8. Legal conclusions by any witness

Denied as lacking specificity.

9. Witnesses, exhibits, or contentions that Plaintiff did not timely disclose

Denied. The only evidence Defendant identifies as falling in this category relates to Plaintiff's claim for attorney fees, which is not an issue for the jury, and which Plaintiff does not propose to offer.

10. Defendant's subsequent remedial measures

Granted without objection. Evidence of any subsequent remedial measures, including the changing of Defendant's hiring procedures following Plaintiff's termination, will be excluded.

11. Financial situation of the parties

Taken under advisement. Defendant seeks to exclude evidence of its financial situation. Where punitive damages are at issue, though, as here, a party's financial situation may be relevant. Lampley v. Onyx Acceptance Corp., 340 F.3d 478, 485 (7th Cir. 2003); EEOC v. AIC Sec. Investigations, Ltd., 55 F.3d 1276, 1287 (7th Cir. 1995). Defendant argues that punitive damages will be limited by a statutory cap that is so low-either $50, 000 or $100, 000, 42 U.S.C. § 1981a-that the probative value of this evidence would be substantially outweighed by the danger of unfair prejudice. The Court disagrees that any damages caps substantially affect the probative value of such evidence, since no damages caps apply to section 1981, 42 U.S.C. § 1981a(b)(4) (stating that the caps on compensatory and punitive damages for Title VII claims shall not "be construed to limit the scope of, or the relief available under, section 1981 of this title"), and even if Title VII's caps were to apply, those amounts would still be considerable punitive damages awards. However, without knowing what evidence Plaintiff intends to offer on this subject, if any, the Court cannot conduct a Rule 403 analysis, and therefore reserves ruling on this motion until trial, at which time the parties should raise the issue outside the presence of the jury before offering such evidence.

12. "Send a message" arguments

Denied, for the same reason as the previous request. Punitive damages are at issue, and even if statutory caps (of which the jury will not be informed) apply, a jury could consider those amounts to be sending a message, so this argument is proper as long as it is limited to the purpose of punitive damages.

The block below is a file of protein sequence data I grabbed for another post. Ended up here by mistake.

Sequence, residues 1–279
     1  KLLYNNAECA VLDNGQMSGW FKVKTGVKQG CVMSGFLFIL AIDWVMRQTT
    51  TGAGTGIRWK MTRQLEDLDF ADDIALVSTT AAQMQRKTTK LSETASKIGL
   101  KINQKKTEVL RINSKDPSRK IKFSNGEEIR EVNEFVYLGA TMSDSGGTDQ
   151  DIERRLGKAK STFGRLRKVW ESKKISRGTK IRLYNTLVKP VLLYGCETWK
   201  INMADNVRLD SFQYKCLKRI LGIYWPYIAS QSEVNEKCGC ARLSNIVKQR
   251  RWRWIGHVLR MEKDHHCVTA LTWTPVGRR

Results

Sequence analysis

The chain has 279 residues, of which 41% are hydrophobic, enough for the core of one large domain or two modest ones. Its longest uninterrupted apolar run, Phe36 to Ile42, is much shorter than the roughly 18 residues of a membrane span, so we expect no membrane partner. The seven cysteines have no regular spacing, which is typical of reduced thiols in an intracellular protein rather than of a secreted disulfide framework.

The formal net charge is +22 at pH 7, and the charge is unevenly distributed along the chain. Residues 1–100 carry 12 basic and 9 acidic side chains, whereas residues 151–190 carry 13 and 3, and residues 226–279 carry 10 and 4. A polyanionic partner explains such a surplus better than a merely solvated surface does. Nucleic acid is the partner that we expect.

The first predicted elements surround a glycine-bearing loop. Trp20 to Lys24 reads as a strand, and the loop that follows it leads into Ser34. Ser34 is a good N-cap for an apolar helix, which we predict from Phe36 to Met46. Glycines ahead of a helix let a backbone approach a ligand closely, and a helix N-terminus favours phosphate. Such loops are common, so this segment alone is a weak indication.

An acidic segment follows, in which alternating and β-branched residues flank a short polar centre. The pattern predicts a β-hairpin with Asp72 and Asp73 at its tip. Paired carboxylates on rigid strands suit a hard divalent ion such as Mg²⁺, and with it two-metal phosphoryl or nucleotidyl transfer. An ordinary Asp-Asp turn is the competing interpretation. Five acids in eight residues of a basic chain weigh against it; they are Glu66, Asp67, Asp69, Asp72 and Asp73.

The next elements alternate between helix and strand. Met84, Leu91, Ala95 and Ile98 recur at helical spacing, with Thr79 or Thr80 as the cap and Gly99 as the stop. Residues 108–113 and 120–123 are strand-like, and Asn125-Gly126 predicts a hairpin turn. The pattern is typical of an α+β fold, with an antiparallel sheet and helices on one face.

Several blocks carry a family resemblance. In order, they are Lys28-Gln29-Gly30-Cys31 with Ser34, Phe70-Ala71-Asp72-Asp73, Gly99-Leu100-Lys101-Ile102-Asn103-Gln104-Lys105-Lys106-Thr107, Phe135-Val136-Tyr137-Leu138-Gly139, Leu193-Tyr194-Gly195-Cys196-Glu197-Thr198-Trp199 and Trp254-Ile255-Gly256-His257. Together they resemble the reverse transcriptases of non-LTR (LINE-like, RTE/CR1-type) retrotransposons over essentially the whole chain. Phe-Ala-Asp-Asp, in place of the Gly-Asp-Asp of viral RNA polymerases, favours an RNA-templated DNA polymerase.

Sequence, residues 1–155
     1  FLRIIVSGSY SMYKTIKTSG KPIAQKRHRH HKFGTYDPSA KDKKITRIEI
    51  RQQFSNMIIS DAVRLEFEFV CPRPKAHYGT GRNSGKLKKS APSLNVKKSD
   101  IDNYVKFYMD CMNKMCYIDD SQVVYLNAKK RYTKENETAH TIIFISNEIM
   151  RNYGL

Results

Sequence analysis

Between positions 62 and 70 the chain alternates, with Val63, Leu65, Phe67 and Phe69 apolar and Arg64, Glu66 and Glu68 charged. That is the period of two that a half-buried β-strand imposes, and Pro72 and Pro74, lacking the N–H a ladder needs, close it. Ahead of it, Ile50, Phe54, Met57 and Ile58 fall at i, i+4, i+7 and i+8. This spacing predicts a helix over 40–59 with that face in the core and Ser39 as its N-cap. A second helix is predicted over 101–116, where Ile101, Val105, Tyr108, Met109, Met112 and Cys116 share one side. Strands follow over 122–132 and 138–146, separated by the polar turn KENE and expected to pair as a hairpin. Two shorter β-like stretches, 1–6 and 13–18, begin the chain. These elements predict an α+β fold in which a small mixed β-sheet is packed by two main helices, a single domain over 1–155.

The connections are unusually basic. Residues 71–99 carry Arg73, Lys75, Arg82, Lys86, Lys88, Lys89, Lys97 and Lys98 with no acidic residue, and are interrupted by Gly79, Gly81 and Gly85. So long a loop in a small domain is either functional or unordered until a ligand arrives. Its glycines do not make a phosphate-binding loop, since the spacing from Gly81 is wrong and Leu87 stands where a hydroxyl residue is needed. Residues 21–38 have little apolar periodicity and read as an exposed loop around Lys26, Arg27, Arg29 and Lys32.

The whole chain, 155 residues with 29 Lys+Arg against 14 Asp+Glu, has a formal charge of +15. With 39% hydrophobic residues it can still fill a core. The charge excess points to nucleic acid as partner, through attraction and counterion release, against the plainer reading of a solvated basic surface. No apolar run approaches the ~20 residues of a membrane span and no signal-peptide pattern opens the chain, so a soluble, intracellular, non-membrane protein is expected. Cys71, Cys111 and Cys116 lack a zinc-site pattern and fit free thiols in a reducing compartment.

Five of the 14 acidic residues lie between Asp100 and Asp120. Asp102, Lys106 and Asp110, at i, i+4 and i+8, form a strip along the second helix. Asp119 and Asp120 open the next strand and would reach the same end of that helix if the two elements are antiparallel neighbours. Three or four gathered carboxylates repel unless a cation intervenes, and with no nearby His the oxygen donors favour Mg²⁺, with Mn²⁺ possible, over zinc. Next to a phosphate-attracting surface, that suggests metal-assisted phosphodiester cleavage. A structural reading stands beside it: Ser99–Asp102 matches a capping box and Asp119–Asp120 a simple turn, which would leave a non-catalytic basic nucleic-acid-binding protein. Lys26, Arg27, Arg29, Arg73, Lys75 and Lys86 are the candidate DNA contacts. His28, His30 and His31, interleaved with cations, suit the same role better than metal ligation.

13. Defendant's confidential or proprietary documents

Denied, as neither party is aware of any such documents that might be offered at trial.

14. Testimony of non-called witnesses

Granted. Defendant asks the Court to bar comments regarding the Defendant's failure to call a certain witness. Plaintiff responds by arguing that, consistent with Seventh Circuit Pattern Jury Instruction 1.19, it can ask the jury to draw an adverse inference from the Defendant's failure to call a witness. However, that instruction is only appropriate where the missing witness was only available to the party against whom the inference would be drawn. Plaintiff has not identified any such witness, so this argument would be improper and the Court grants this motion.

15. Comments on a party's failure to call certain experts

Denied, as neither party has identified any expert witnesses or indicated any possibility of making such comments.

16. Prior allegations, claims, lawsuits, or complaints of discrimination against Defendant

Denied. At the final pretrial conference, Plaintiff stated that he is unaware of any such evidence, so there is no need for an order in limine to prevent him from offering it. To the extent any such evidence may become available Plaintiff is cautioned to notify the Court prior to disclosure to the jury.

17. Evidence of Mike Wilson as a comparator

Denied. Defendant seeks to bar evidence of Mike Wilson as a comparator to Plaintiff, on the basis that a single comparator is insufficient to prove discrimination. However, Plaintiff does not need to prove his entire case through every piece of evidence he offers. See Fed.R.Evid. 401 (defining relevant evidence as evidence that has "any tendency to make a fact more or less probable than it would be without the evidence"). Comparator evidence is probative of discrimination and retaliation, Coleman v. Donahoe, 667 F.3d 835, 860 (7th Cir. 2012) (recognizing "evidence... that similarly situated employees were treated differently" as probative of discrimination and retaliation), and there is little if any prejudicial aspect to this evidence, so this motion is denied.

18. Plaintiff's EEOC charges of discrimination

Denied. Defendant seeks to prevent Plaintiff from offering his EEOC charges of discrimination into evidence, on the ground that they are hearsay. If offered by Defendant, these would be statements of a party opponent, but that exclusion to the hearsay rule does not apply if Plaintiff offers them. Nonetheless, Plaintiff also argues that the charges could constitute prior consistent statements, and these documents could be admitted on that basis if Plaintiff lays the necessary foundation, so the motion is denied.

19. Plaintiff's response to the Indiana Department of Workforce Development request for information